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A trick of the tail
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A trick of the tail

When it comes to understanding our cats, us humans have a big job on our hands. As solitary hunters who have to look after themselves rather than relying on the ‘pack’ like social canines, felines are hardwired to hide their emotions and are notoriously ‘poker-faced’. However, our pet cats do provide plenty of signals that reveal how they’re feeling, as long as you know what to look for.

“Since cats are such different animals from us, understanding how they communicate isn’t something that comes naturally to humans,” states Kelly C Ballantyne, clinical assistant professor at the University of Illinois College of Veterinary Medicine. “It is important that all cat owners take the time to learn because understanding how cats communicate helps us to understand them better. Once we know their body language, we can read their emotions, identify situations that cause them distress or pleasure and even identify an illness sooner.”

Along with eyes and ears, a cat’s tail can be the key to understanding what they’re thinking. You just need to learn what cat tail language means. Some of it is quite straightforward, some of it is rather subtle. Of course, every cat is an individual, but if you make the effort to understand what the tail is telling you, it will be greatly appreciated by your feline friend.


Tail talk – lost in translation?

Straight up

A cat approaching you with tail pointing straight up is happy and confident and offering you a greeting – you often see it when they are coming home or when they want your attention. Always acknowledge their greeting and give them a bit of fuss.

The mid-tail wag

If you cat is moving their whole tail from side-to-side, level with their body while pacing, this can mean they’re feeling indecisive. Give them some time and space to make their mind up about whatever it is they’re contemplating.

All a quiver

A quivering tail can be a marking behaviour, although in some situations, it can be a greeting behaviour your cat uses to show they’re excited to see you. They will expect you to return the greeting.

The question mark

If your cat approaches with their tail curled at the top like a question mark it means your cat is feeling friendly and will be receptive to you offering your hand for sniffing and petting.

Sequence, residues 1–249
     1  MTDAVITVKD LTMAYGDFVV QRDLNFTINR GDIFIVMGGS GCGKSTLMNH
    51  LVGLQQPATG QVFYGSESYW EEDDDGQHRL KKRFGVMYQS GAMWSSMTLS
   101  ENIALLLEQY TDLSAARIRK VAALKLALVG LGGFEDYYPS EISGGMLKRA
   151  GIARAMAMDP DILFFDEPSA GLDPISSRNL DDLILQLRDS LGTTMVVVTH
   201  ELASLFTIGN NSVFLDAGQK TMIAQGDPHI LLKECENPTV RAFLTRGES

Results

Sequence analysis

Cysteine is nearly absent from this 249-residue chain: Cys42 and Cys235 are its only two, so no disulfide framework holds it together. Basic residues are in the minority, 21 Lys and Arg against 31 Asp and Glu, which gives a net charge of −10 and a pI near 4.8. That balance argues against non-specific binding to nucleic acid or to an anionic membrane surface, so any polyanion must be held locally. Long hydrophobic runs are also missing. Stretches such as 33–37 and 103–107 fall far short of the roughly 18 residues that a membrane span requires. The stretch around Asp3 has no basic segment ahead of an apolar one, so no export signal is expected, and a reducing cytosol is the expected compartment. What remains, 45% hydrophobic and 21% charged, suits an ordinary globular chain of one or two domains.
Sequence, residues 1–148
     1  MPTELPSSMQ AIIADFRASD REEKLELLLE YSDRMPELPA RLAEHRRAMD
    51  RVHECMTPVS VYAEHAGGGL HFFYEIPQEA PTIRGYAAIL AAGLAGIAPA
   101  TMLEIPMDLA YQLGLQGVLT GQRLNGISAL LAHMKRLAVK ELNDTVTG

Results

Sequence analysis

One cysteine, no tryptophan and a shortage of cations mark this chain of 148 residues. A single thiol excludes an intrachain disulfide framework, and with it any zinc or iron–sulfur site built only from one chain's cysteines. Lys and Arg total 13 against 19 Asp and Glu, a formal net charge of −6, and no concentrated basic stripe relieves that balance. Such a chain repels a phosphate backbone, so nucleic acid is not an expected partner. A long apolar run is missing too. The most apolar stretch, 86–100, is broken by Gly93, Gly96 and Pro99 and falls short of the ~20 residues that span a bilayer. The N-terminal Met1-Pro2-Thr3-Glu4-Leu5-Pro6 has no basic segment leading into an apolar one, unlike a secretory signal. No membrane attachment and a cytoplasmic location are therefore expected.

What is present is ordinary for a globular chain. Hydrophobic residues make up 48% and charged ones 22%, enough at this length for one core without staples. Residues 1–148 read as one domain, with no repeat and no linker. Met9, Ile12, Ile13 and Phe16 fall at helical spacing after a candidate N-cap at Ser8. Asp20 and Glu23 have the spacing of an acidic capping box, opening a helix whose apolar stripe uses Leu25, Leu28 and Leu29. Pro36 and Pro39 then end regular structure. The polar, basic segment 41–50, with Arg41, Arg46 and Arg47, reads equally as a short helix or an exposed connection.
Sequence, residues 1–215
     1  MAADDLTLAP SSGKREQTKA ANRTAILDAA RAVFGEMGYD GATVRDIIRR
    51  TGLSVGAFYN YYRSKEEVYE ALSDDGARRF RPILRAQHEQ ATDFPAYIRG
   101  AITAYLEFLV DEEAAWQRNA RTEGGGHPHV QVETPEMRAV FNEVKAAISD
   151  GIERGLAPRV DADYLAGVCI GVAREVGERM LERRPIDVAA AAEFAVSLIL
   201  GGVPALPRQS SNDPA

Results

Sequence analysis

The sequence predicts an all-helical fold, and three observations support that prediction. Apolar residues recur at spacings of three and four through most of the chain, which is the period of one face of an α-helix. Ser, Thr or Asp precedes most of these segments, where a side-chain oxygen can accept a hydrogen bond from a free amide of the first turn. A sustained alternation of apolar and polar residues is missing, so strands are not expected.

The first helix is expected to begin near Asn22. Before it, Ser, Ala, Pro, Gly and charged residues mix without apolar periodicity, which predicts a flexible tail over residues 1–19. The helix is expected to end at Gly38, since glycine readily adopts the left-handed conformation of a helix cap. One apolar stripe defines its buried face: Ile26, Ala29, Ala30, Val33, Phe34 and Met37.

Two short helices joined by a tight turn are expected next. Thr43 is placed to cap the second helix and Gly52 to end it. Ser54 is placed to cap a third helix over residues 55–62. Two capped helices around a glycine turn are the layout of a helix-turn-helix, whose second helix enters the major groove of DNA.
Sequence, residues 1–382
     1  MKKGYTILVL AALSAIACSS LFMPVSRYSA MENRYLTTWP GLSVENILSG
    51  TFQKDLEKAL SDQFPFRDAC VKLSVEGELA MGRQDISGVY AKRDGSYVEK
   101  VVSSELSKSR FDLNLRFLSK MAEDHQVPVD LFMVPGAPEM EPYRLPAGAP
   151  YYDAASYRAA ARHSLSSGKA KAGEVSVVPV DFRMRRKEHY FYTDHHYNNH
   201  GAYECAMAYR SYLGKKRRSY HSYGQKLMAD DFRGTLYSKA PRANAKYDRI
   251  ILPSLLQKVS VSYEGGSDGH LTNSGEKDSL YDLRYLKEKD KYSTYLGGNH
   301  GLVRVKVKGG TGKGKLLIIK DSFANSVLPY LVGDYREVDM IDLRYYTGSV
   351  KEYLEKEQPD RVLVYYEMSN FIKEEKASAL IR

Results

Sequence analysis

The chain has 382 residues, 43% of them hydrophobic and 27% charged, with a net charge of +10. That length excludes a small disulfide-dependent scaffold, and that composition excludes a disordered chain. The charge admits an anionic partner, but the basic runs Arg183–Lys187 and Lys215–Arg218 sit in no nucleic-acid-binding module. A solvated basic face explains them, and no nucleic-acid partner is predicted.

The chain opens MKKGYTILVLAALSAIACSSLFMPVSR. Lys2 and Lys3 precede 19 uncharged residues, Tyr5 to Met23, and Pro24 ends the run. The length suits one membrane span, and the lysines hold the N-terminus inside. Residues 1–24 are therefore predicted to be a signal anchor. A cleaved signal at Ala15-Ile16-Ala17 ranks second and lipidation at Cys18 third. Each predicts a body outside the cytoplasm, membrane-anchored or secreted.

Fluffed up

A bristled low or high tail reveals a cross cat. If fluffed up at the tail base – known as piloerection – your cat is very excited at being stroked – quite possibly overexcited. This tail posture could be a sign that your cat is telling you to stop as the overstimulation may result in a reactive nip.

Tail down

If you see your cat walking head and tail down, it’s likely that they are feeling uncertain and insecure.  

Curved beneath 

A tail curled beneath the body means your cat is feeling nervous and submissive. Don’t interact, just act nonchalant and wait for them to approach you.

The whip

A tail whipping back and forth should never be confused with a wagging happy tail exhibited by canines. In cats, this means they are feeling fearful, angry and aggressive, so back away and give them some space.

The tip twitch

If you cat is sitting upright and the tip of their tail is moving, it shows they are alert and interested – this is a good time to get some toys out and initiate playtime.


If you found this interesting, you may also like:

Read my body language

You and your cat might speak different languages, but look closer and you’ll see that your favourite feline is using their whole body to tell you how they’re feeling…

Why some cats aren’t cuddly

Some cats love to sit in a comfy lap for hours on end, but others shy away from too much physical contact. The reason for this behaviour lies in their solitary and independent nature…

Can you think like a cat?

Dogs are great at being dogs and cats are great at being cats. Experts believe we’re doing our feline companions a disservice if we compare them to canines when it comes to our relationship with them.

Sources: vetmed.illinois.edu, catster.com, cats.org.uk, pdsa.org.uk

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